Gary crashed into another cyclist on the Apple Capital Recreation Loop Trail and later died of his injuries according to this article.
But he died doing something he loved, according to the Seattle Times, and his friends wanted to honor
that. For a potluck celebration of Rounds' life, members of his
Wenatchee Alcoholics Anonymous group prepared the "ghost bike," painted
white and garlanded with mementos: feather tokens, a dreamcatcher,
Rounds struggled with alcoholism throughout his life, finally
achieving an extended sobriety that started about 10 months before his
death, said his sister, Theresa Luce of Wenatchee. When she inherited
his journals after his death, they were thick with praise for his fellow
"That was like his extended family, and they are the ones that wanted
to honor him," Luce said. "He was known for riding his bike, everywhere
he went. It was an association - you talked about Gary, you talked
about bicycles, you talked about his Native beliefs."
Rounds, born and raised in Wenatchee, was a member through his
mother's family of the Westbank First Nation in the Okanagan region of
Canada. A committed cyclist, he was known to pedal throughout the
Wenatchee Valley and travel as far as Oroville, where relatives on his
father's side lived.
EAST WENATCHEE — The Ghost Bike, a memorial along the east side of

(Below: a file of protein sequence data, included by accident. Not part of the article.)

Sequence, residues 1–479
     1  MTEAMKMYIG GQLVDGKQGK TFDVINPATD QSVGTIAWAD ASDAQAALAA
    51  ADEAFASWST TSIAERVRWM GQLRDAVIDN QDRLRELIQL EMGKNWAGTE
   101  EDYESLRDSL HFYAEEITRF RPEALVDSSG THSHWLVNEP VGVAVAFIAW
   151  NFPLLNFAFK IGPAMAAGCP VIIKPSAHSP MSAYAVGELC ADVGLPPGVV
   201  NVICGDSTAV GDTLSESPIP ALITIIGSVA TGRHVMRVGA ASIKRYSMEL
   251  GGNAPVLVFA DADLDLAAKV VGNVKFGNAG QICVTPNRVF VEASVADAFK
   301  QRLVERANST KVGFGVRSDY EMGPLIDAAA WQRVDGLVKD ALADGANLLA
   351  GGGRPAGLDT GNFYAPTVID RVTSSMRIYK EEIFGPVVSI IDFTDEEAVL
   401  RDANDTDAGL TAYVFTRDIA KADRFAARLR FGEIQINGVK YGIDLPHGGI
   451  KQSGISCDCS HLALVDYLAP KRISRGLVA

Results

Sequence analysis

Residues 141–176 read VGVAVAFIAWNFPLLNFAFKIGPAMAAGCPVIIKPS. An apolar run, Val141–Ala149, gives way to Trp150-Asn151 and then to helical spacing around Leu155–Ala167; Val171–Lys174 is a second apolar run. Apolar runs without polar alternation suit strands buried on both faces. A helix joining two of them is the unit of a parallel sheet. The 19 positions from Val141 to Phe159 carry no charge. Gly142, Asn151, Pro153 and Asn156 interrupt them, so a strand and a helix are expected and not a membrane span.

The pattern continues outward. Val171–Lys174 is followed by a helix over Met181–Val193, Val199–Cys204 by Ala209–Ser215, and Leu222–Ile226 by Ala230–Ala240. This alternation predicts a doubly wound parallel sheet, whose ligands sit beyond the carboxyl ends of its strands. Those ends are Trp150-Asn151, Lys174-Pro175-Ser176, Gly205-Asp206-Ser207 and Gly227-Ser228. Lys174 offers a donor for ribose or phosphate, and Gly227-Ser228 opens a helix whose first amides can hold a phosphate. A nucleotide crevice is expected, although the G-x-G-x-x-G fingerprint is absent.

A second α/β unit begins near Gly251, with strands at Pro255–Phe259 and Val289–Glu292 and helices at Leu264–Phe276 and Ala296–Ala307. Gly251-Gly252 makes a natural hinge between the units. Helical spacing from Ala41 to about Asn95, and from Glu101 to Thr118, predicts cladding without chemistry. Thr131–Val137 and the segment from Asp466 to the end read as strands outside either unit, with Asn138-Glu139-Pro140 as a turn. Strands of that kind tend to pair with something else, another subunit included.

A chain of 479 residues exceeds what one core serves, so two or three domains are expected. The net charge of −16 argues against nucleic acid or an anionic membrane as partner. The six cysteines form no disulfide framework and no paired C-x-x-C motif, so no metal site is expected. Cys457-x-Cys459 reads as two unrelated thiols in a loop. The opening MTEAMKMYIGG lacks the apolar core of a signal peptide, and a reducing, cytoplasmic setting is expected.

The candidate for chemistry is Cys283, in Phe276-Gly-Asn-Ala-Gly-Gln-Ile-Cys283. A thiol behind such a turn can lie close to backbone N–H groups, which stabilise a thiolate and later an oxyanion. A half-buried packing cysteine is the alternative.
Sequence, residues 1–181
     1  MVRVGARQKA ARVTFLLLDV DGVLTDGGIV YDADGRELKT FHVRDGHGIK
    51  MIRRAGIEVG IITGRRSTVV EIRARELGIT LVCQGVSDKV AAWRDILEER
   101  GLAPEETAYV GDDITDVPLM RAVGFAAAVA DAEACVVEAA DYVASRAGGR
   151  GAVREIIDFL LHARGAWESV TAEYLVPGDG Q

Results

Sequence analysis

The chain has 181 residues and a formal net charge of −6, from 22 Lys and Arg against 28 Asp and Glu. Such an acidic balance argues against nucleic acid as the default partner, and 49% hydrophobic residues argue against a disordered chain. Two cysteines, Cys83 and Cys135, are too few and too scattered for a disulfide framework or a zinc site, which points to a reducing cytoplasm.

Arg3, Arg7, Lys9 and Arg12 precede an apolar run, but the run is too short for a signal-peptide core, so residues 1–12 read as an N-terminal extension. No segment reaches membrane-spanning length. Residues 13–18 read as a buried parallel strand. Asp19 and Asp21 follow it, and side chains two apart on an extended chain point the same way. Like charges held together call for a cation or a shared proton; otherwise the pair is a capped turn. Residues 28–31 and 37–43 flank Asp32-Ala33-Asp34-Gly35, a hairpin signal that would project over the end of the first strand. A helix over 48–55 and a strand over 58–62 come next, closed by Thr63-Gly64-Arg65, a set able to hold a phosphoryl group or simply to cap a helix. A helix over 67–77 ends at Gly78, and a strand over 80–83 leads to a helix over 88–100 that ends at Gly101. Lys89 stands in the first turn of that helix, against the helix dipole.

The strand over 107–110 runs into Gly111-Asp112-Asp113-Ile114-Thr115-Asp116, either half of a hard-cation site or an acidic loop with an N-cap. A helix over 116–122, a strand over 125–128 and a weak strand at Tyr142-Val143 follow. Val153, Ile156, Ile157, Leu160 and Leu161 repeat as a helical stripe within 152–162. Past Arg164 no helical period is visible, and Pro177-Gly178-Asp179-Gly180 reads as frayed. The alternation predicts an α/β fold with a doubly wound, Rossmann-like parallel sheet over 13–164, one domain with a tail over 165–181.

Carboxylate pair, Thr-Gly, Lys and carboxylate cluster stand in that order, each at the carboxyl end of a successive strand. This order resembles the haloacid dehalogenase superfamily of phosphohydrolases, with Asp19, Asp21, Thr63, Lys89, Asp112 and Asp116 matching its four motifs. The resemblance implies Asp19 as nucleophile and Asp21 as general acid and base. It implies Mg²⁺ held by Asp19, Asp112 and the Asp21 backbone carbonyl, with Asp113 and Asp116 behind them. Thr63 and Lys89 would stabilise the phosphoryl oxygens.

the Apple Capital Recreation Loop Trail to a fallen rider, is back in
place after vandals threw it down the hill into some brush by the
Alerted to the bike’s disappearance by frequent trail user Richard
Martin, A World reporter called Joel Bender, maintenance supervisor for
Bender headed down to the trail Wednesday to investigate, looked down
the steep hillside along the shoreline and spotted the bike, which was
upside down and barely visible, its handlebars close to the waterline.
A parks crew headed down Thursday morning with a boom truck to
retrieve the bike. They leaned it back against the giant poplar where it
has been since 2009.
“It has some special meaning, and I wanted to make sure that if we
could find it, we could get it back to where it needed to be,” Bender
Gary Rounds, a American Indian artist and avid cyclist, was riding
the bike in September 2009, when he collided with another rider about a
quarter-mile north of the Pipeline pedestrian bridge. Rounds suffered a
severed spine. He died days later at Seattle’s Harborview Medical
His friends from Wenatchee’s Alano Club recovered the bike, painted
it a ghostly white and placed it along the trail, against the poplar, at
the scene of the accident. It’s been there ever since. Flowers, U.S.
flags, ribbons and garland, kept fresh by family and friends, adorn the
tree trunk around it.